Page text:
Elder Law of Michigan (ELM) is proud to host the Joe D. Sutton Call to Justice Awards. The Call to Justice Awards honor those individuals and organizations that have made significant contributions to the fields of law and aging. Leading up to the awards, ELM will be sharing what our honorees have to say first-hand about their experiences in the fields of law and aging. Judge James Alexander, honoree at the Southeast Michigan Call to Justice Awards, shared with ELM why he got involved with helping the aging community.
Q: What drew you to working with the elderly and/or vulnerable adults?
A: “I first became interested in senior issues when Lynn [Judge Alexander’s wife] was appointed to the Commission on Services to the Aging. At that time, I was in Private Practice. My practice consisted of Commercial Litigation, Alternative Dispute Resolution, and Government Relations. When Lynn became Director of the Office of Services to the Aging, we would naturally discuss the issues she was facing. Many of these issues were personalized to me when my Mom was diagnosed with Alzheimer’s, shortly before I was appointed to the bench.
Q: Why do you continue working in this field?
A: “When Lynn and my colleague, Ed Sosnick, created the SAVE Task Force, I become involved…really in order to spend some time with Lynn. It was through my involvement with the Task Force, and through my experiences both on the Family Docket and then the Criminal Docket that I began to more fully understand the depth and nature of Elder Abuse. I also began to develop a sensitivity for the problems faced by the Elderly in dealing with the Courts. A simple example is not having “Elder Friendly” Courtrooms, which would have wider aisles and better sound systems. Also, a more sensitive scheduling system. SAVE is attempting to deal with this.”
Q: What do you think will be the biggest need(s) for seniors in the next 10 years?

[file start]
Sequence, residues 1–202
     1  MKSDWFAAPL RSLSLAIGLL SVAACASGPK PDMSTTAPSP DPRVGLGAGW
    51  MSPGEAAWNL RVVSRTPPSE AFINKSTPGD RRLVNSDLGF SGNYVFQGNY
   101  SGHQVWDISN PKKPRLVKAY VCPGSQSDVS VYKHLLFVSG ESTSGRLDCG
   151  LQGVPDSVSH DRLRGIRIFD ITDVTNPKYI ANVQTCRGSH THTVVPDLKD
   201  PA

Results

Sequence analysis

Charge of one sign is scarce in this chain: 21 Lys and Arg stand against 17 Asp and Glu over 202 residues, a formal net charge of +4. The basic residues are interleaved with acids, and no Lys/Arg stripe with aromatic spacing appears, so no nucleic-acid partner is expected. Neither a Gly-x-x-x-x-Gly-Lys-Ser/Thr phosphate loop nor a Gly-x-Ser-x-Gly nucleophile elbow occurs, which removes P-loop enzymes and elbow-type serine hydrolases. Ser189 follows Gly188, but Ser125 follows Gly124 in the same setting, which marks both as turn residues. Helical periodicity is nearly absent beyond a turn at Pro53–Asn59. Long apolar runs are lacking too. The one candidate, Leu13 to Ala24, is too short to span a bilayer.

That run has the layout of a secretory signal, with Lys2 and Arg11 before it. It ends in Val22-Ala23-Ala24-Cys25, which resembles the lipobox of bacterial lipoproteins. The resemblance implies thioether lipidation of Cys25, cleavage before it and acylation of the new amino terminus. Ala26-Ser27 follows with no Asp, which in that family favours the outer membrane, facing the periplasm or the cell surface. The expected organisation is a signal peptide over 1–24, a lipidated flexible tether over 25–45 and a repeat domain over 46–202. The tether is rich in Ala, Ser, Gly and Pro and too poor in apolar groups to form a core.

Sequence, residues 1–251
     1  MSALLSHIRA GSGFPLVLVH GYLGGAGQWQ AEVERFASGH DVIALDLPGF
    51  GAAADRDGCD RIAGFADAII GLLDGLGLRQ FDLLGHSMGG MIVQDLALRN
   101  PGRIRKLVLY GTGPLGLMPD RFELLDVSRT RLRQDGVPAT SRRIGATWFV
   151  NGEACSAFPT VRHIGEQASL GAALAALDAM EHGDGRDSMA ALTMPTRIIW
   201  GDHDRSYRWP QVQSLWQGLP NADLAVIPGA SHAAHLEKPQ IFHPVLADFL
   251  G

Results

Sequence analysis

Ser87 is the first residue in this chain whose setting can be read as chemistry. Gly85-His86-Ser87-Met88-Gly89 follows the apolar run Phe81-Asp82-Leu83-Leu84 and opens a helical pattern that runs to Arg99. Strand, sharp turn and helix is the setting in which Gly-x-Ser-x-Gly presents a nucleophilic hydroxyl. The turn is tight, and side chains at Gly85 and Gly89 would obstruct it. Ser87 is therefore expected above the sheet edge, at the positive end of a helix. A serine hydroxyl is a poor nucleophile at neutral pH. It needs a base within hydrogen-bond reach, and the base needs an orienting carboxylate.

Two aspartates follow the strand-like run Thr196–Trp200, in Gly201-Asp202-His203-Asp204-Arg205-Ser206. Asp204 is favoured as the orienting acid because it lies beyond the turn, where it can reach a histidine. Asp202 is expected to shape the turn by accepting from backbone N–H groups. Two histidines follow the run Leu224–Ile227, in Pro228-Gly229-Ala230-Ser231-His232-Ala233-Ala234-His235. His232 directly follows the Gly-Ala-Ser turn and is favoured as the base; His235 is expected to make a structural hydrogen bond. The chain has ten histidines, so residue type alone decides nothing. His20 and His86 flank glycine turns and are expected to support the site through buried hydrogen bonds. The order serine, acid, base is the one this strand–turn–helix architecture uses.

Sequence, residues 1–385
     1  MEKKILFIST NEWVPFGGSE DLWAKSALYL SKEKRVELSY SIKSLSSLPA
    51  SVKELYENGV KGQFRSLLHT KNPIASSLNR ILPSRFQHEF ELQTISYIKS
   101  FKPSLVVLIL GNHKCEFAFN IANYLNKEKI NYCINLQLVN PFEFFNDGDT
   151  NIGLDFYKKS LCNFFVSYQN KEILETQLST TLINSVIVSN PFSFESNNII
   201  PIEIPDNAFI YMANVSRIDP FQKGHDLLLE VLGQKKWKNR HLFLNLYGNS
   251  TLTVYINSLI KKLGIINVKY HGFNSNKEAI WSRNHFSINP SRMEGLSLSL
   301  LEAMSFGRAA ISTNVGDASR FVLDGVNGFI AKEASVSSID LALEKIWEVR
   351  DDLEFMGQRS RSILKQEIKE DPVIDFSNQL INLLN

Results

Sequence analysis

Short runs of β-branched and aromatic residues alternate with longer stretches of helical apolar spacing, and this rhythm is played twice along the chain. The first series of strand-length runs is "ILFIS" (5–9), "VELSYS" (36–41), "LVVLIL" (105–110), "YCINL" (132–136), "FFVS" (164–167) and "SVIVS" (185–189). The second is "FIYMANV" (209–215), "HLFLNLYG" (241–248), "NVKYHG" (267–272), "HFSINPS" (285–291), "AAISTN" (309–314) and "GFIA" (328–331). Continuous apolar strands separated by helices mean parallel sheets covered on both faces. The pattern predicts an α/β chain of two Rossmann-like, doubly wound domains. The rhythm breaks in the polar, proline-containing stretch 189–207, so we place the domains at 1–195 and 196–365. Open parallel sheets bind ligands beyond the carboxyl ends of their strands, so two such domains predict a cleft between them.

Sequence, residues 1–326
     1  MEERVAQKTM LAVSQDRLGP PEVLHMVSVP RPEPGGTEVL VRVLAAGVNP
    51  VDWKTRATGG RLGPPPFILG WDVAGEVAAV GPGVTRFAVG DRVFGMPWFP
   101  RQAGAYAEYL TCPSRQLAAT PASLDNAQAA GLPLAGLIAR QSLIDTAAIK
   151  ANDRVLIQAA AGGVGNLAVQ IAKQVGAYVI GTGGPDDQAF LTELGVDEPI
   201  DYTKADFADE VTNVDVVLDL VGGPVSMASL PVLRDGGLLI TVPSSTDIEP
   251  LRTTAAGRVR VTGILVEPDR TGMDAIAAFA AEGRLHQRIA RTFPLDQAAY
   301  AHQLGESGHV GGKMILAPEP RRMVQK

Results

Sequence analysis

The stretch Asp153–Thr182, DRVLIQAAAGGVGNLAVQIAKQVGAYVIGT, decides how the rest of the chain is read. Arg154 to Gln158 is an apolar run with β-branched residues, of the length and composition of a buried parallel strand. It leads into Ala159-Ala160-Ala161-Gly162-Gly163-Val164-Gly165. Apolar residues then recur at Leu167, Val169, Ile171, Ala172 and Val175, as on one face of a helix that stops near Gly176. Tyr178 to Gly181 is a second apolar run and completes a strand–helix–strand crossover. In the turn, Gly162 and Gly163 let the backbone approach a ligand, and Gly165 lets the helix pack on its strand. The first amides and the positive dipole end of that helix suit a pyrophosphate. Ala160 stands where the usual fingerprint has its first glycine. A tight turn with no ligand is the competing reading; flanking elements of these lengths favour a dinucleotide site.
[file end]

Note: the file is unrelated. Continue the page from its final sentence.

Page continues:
A: “Having had a personal experience with Alzheimer’s disease, I perceive this as a major issue facing us in the immediate future. I’m hopeful that the research that’s now being done will lead to major breakthroughs in treatment and prevention. From the judicial perspective, we will need to educate the Judiciary and the system about Elder need including physical plant. We must do more in insuring that those of us in the Judiciary understand that Elder Abuse is more than financial exploitation.”
Q: How does Elder Law of Michigan help in the work that you do?
A: “Several years ago, Judge Sosnick and I attended an Elder Abuse Seminar that was focused on training Judges from around the Country about recognizing Elder Abuse. We learned of this from Elder Law of Michigan. It was the beginning of my understanding how prevalent this problem has become and heightened my sensitivity to the issue.”
The Joe D. Sutton Call to Justice Awards honor individuals and organizations that have made significant contributions to the fields of law and aging. This year, Elder Law of Michigan (ELM) is celebrating the contributions of our honorees across Michigan at three awards receptions in Southeast, West, and Mid-Michigan. Award receptions include a cocktail hour featuring hors d’oeuvres and cash bar, followed by an awards ceremony celebrating our distinguished honorees. Tickets can be purchased online at www.elderlawofmi.org/calltojustice. Net proceeds from the Call to Justice Awards will benefit ELM through the Access to Justice Fund. For more information about the Call to Justice Awards, including biographies of all of our honorees, please visit our website.